BEIRA, Mozambique —In 2012, Mozambique’s 20 years of peace began to break down as tensions between opposition party, Renamo, and the government grew. People were killed in attacks on vehicles on the north-south highway between Muxungue and the Save River, which also disrupted travel around the country. Communities were displaced by conflicts between Renamo and the government in the Gorongosa region and other parts of the country.
Now once again, peace is near. The government and Renamo have signed a cease fire. Once again, vehicles can travel freely on the Muxunge-Save highway.
To help make this a lasting peace, over 50 pastors and leaders of churches from throughout the province of Sofala gathered to develop strategies for rebuilding peace in their communities. The seminar was sponsored by the Christian Council of Mozambique (CCM) – Sofala Province and funded by MCC.
An important question for the group was how to learn from their experience after the last peace accord and create long-term peace. Bishop Dinis Sengulane, who facilitated a number of sessions, told seminar participants, “We committed a great error then. Once peace was signed, we left our involvement in the practical process of peacebuilding too early. We didn’t insist enough on disarmament. We didn’t do enough about child soldiers. And finally, we didn’t create a continuous culture of peace.”
Sofala province has been at the centre of the current conflict, which is why CCM in the province felt it was important to bring religious leaders together to relearn tools of peacemaking, build ecumenical peace networks, and recommit to the ongoing work of peacebuilding. The participants represented districts from across the province and included different churches from the Christian Council, Encontro Fraternal, Assemblies of God as well as Brethren in Christ.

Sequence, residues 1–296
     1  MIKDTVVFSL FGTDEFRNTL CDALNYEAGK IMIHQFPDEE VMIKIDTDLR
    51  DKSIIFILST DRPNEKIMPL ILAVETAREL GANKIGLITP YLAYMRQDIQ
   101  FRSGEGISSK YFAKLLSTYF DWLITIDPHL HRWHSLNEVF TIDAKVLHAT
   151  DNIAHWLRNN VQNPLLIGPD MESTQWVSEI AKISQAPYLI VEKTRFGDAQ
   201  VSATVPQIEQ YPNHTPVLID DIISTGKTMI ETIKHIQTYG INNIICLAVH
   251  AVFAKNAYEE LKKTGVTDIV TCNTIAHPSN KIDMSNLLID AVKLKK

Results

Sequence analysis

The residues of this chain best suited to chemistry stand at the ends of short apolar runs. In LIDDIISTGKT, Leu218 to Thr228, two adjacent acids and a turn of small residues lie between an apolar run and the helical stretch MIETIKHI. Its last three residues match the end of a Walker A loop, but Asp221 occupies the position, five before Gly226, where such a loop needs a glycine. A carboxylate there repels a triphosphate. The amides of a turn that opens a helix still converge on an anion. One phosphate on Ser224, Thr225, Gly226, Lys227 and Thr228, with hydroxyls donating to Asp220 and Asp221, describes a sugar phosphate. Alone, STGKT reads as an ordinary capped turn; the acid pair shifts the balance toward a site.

The seminar was fortunate to receive leadership from retired Bishop Sengulane, a national mediator in the current peace process who saw the importance of taking time to support the peacebuilding effort of the Sofala seminar. Alumni of the Africa Peacebuilding Institute, a regional peace training program funded by MCC, facilitated the seminar.
The next weeks will be critical as Mozambique prepares for a presidential election on October 15. Church leaders have recognized the importance of working with their communities to promote peace during the time of elections. Now they also see the need to commit to long-term peacebuilding. Seminar participants have already begun to do workshops in their home communities on building a culture of peace. And the Sofala seminar has generated interest with civil society and national church groups as a possible model for the rest of the country.
Please pray for the consolidation of peace in Mozambique, and for the role of churches as peacemakers, particularly in Sofala province. You can donate to support MCC’s ongoing peacebuilding work in Mozambique and other countries online or by calling toll-free 1-888-622-6337.
Jana Meyer is MCC’s Representative for Mozambique.